Freedom and the State: Kant on Revolution and International Interface
Author(s)Gremba, Karen M.
Contributor(s)AIR FORCE INST OF TECH WRIGHT-PATTERSONAFB OH
KeywordsGovernment and Political Science
Humanities and History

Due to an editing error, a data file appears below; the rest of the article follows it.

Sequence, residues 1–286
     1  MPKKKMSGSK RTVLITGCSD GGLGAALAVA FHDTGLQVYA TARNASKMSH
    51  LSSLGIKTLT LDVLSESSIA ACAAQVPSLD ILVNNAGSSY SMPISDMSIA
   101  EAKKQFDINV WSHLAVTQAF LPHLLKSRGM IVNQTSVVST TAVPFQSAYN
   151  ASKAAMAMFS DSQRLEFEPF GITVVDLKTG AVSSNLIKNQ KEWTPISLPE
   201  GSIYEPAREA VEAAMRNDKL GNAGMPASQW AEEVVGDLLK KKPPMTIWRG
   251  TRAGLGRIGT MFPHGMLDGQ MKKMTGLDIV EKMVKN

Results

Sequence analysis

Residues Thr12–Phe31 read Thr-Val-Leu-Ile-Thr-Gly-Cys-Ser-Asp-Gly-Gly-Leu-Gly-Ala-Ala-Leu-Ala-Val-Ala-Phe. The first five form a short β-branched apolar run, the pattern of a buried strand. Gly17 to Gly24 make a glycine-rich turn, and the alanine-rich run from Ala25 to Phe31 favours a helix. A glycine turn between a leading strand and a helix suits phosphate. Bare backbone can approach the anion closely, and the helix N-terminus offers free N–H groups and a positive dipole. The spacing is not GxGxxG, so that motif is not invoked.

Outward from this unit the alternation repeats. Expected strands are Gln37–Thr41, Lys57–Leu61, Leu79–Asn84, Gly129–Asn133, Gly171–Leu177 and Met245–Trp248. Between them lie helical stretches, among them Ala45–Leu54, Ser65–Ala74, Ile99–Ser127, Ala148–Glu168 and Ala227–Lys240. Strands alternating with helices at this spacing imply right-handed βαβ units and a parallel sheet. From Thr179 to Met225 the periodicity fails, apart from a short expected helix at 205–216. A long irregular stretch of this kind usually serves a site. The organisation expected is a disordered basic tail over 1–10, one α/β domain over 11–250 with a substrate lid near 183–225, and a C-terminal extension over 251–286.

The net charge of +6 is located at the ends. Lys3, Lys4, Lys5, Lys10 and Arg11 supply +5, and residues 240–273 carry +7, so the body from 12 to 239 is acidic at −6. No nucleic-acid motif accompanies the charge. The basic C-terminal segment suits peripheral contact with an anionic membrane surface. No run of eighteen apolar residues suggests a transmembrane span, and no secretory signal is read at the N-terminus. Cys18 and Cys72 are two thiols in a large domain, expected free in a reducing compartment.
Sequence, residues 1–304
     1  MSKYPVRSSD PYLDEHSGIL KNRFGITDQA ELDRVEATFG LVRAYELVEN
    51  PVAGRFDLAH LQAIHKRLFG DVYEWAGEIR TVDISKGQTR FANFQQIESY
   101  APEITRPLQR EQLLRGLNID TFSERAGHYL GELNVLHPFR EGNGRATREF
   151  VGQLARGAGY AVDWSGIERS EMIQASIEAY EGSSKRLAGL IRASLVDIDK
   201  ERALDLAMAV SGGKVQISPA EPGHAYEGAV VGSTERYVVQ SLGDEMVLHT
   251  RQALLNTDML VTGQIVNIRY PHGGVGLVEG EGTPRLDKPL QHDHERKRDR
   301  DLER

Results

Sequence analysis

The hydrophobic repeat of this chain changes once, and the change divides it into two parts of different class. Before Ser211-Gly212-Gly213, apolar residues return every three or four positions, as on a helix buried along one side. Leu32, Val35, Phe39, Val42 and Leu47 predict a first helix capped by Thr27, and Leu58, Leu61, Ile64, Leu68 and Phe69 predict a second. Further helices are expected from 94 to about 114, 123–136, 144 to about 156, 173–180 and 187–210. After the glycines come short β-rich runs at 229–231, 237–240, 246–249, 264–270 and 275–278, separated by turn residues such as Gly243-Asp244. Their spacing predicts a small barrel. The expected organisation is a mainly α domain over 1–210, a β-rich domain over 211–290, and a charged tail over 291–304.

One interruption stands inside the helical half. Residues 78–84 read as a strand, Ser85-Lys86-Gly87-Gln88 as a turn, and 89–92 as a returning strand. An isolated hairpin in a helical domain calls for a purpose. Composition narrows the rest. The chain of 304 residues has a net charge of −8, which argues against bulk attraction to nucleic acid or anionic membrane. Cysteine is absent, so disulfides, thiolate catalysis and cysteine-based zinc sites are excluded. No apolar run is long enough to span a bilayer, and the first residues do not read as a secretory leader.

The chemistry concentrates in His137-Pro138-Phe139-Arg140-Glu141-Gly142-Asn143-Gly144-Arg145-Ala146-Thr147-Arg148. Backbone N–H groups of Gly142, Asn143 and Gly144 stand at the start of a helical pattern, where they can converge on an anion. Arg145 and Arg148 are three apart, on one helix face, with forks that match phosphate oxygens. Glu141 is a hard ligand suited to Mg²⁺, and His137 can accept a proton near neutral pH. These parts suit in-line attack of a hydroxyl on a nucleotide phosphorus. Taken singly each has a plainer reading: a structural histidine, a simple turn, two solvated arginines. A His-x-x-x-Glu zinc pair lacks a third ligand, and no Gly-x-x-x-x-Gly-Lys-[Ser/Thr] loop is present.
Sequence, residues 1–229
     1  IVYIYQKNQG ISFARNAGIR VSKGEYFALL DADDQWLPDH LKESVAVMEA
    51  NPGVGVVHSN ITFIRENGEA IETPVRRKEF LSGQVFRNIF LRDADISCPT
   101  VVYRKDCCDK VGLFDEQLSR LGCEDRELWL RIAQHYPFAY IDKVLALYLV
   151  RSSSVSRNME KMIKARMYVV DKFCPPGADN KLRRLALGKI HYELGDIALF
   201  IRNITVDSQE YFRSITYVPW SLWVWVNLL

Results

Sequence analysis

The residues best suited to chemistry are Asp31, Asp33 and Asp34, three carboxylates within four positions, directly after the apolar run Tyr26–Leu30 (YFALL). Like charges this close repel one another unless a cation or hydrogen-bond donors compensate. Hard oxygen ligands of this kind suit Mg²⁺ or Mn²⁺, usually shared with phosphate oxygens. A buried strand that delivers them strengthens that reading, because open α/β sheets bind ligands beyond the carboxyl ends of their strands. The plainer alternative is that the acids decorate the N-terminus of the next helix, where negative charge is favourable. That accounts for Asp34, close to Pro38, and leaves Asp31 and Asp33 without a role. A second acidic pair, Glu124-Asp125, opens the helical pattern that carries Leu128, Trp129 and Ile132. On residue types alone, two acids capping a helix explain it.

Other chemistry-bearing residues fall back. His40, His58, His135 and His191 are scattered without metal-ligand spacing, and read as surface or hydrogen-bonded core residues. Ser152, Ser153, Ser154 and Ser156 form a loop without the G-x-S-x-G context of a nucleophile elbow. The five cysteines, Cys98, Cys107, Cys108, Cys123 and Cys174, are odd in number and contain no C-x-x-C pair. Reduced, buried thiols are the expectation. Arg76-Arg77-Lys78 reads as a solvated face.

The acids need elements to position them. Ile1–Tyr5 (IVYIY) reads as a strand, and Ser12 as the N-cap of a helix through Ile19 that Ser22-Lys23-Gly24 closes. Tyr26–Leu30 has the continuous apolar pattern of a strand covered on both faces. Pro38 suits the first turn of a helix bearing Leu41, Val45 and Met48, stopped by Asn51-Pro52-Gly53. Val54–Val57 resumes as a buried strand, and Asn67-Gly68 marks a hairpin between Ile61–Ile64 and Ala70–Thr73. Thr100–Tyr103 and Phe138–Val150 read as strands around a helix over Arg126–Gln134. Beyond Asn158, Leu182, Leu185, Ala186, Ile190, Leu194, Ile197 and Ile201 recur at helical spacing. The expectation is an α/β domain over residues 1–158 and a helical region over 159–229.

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AbstractAnyone familiar with Kant's moral theory might guess that he would support resistance or opposition to a government that fails to respect the autonomy of its citizens. At the heart of Kant's moral theory we find the autonomous agent, the person who acts out of an obligation to duty, without regard to external incentives or inclinations. Rather than associating the dignity of a person with wealth or social status, Kant maintains that every person has dignity because each has the capacity to rationally determine the moral law. It follows from this that the Kantian state is one in which everyone is entitled to equal respect before the law. In fact, Kant contends that the rational nature of humanity "is the supreme limiting condition of every man's freedom of action" Thus, Kant contends that coercion by the state should only be used insofar as it is necessary in order to protect each person's freedom.